DeCarava, on the other hand, insisted on finding a way into the inner life of his scenes. He worked without assistants and did his own developing, and almost all his work bore the mark of his idiosyncrasies. The chiaroscuro effects came from technical choices: a combination of underexposure, darkroom virtuosity and occasionally printing on soft paper. And yet there’s also a sense that he gave the pictures what they wanted, instead of imposing an agenda on them.
This post is an elaboration I made on a comment in my Academia.edu session on my open letter to Steven Pinker.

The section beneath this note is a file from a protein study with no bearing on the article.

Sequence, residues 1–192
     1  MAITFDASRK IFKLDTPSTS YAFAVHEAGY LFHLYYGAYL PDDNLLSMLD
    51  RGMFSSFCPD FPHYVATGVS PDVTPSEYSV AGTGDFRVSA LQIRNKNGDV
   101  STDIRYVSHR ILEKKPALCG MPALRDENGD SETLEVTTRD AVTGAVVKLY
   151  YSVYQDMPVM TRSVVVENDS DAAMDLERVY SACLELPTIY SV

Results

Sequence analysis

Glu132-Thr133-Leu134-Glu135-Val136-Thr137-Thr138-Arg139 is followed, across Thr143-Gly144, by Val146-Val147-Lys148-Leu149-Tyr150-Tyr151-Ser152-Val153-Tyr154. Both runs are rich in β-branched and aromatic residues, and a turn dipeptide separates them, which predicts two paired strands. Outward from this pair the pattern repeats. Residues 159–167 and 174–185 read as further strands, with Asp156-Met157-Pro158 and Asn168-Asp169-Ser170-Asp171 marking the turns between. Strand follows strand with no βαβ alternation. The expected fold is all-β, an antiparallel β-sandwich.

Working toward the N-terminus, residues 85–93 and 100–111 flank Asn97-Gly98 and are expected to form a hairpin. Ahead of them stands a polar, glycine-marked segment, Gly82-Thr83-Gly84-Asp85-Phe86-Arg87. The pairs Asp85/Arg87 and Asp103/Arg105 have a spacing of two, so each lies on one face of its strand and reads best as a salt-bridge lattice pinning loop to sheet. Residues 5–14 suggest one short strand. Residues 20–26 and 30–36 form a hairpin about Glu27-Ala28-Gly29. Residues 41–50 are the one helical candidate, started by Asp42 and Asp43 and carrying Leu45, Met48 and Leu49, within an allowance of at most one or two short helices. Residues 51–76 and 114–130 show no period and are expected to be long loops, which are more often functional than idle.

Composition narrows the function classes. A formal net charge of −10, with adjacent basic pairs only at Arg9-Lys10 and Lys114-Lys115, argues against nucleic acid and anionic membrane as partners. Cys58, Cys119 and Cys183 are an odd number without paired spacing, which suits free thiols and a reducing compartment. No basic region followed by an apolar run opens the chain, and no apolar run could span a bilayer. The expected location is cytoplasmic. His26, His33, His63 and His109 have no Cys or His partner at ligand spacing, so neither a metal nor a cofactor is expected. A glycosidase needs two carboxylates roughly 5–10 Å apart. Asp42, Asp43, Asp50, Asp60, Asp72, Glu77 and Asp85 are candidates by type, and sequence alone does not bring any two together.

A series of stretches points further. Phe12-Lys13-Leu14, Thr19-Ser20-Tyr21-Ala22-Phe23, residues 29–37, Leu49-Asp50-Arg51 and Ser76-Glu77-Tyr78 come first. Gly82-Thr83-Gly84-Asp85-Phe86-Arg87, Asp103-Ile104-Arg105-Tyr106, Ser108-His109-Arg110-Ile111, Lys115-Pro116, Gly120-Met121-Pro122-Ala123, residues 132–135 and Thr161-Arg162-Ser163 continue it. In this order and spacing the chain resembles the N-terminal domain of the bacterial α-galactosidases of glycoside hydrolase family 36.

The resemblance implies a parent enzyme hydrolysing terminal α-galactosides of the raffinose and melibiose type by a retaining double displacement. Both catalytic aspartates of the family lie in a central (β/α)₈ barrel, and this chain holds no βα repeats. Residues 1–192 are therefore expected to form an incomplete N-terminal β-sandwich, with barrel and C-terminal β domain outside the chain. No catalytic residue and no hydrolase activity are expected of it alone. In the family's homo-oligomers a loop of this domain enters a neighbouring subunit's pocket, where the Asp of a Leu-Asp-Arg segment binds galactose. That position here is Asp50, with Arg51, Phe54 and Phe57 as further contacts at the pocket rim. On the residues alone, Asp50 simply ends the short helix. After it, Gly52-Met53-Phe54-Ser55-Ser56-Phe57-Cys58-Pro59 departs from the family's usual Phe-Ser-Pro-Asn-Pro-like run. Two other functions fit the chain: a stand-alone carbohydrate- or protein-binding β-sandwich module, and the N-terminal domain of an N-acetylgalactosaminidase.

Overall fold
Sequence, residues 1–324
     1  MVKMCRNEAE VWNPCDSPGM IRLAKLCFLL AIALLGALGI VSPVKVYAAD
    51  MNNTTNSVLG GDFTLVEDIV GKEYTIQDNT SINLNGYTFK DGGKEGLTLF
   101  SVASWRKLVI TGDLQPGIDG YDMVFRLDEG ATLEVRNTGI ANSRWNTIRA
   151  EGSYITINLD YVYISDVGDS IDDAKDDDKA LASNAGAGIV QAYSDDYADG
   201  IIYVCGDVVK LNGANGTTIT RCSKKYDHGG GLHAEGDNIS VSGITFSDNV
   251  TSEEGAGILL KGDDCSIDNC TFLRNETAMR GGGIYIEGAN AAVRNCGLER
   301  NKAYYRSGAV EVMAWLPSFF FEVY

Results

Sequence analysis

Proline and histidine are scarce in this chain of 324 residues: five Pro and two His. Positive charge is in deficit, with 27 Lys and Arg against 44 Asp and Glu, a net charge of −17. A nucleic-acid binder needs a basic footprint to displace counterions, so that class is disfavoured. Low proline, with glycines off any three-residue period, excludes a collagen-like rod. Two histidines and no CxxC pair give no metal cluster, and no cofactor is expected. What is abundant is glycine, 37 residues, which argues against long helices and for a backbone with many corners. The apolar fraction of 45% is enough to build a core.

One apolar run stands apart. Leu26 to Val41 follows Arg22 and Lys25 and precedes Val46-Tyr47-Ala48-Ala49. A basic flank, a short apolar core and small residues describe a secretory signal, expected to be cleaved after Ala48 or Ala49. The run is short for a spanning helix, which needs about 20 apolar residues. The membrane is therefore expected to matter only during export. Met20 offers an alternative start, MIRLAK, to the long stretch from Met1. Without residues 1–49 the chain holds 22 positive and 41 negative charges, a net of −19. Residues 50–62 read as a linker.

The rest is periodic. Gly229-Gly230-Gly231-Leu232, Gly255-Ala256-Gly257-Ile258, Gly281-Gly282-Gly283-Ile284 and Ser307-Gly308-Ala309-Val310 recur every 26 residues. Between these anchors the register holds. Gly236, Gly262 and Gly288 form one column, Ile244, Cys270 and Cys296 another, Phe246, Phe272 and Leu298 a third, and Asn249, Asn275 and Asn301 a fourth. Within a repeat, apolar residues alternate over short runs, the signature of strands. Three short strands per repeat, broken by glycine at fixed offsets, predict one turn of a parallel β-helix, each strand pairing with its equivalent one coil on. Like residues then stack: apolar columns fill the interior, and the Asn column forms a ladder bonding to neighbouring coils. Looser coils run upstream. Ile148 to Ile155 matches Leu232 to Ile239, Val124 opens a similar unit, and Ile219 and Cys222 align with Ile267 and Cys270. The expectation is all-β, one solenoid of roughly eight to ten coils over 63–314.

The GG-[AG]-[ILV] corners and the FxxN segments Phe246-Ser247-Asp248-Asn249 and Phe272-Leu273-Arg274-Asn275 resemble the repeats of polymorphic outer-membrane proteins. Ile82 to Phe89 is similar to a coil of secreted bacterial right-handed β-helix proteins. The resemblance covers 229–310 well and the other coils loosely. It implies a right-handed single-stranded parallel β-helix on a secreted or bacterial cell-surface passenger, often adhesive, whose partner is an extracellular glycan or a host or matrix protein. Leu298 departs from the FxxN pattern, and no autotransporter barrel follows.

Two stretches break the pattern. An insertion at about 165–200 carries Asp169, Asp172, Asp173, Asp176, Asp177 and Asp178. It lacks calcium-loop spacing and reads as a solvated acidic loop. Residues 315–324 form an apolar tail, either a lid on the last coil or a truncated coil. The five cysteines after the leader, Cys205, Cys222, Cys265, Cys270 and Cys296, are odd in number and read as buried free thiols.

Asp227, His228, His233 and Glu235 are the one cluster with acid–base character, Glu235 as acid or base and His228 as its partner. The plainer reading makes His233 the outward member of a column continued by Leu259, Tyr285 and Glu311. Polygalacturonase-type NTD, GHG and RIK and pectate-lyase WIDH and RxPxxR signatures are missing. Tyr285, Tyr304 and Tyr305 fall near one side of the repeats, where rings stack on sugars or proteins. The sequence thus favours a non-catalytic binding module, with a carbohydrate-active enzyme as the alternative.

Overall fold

The discipline of English studies was certainly well in place when I entered graduate school in 1948 and when I began full-time teaching in 1952. In those days we knew what we were doing. All sorts of disciplinary rules, boundaries, and taken-for-granted assumptions were firmly in place. We knew what the canon was, what were the main periods of English literary history, and what constituted good scholarship in the field.... In those days “we” were mostly men, all men in the English department at Hopkins, and all the works we studied, with some exceptions, were by men. American literature was pretty marginal. It all made perfect sense.